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Oracle Just Transformed the JSON Database Cloud Landscape: MongoDB Developers and DBAs, Are You Paying Attention?

When Oracle announced support for the MongoDB API as part of its Autonomous JSON Database cloud service this past week, major tremors could be felt across the cloud database universe. Most JSON developers are generally too busy to notice, but their world just profoundly changed for the better. Those that did hear about it may have written it off as just another JSON cloud database service making itself compatible with MongoDB like Amazon DocumentDB, Azure Cosmos DB, or the myriad of JSON cloud database services utilizing MongoDB under the covers. No big deal, nothing special or unique right?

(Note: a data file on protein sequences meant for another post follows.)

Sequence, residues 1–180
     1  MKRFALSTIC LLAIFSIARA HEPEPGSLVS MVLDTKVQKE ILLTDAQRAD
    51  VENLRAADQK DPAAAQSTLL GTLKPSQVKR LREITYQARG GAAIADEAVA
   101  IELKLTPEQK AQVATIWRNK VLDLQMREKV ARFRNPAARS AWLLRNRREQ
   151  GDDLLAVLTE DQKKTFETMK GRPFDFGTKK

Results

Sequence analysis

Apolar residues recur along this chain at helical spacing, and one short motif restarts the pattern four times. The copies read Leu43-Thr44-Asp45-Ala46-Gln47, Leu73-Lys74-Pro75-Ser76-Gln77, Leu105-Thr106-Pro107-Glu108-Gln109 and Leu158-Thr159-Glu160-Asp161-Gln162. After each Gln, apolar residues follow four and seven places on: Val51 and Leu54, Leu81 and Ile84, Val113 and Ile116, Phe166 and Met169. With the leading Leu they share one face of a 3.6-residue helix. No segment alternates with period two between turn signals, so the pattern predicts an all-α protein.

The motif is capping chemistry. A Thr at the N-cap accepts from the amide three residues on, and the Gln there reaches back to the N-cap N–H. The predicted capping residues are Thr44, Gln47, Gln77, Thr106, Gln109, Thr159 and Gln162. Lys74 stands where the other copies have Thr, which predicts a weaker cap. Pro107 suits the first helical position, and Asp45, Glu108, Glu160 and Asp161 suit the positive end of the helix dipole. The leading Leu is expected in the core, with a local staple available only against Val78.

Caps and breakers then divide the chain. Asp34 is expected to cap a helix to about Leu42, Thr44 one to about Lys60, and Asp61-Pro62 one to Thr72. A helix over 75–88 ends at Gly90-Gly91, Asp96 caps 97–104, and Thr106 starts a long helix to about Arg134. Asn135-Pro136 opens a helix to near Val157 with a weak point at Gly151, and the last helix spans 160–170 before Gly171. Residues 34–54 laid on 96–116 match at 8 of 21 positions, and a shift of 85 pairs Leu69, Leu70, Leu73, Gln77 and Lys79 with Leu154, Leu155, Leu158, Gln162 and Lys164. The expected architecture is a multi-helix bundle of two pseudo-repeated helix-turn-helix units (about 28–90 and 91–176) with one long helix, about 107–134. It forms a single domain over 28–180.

In fact, no, it’s quite the opposite. The Oracle Autonomous JSON Database cloud service is the only fully autonomous JSON—JavaScript Object Notation—database cloud service. Oracle introduced the revolutionary Autonomous Database cloud service back in 2017. That cloud service is based on the latest converged multi-model—transactional, data warehouse, JSON, XML, time series, graph, spatial, block-chain, machine learning (ML)—Oracle Database. The Autonomous Database is still the only self-driving, self-securing, self-managing, fine grain highly elastic database that leverages several decades of best practices while applying continuous ML to the database cloud service. Autonomous Database only runs on the Oracle Exadata Database Machine in OCI (Oracle Cloud Infrastructure) or Dedicated Region Cloud@Customer. Exadata is unquestionably the fastest Oracle Database platform in any cloud service on the planet. That unique combination makes the Autonomous Database much faster, much simpler, more secure, and more accurate than any other cloud database service, bar none. DBAs no longer have to waste time doing necessary database tuning, management, patching and sharding, and can focus on more strategic matters, such as database schema or application development.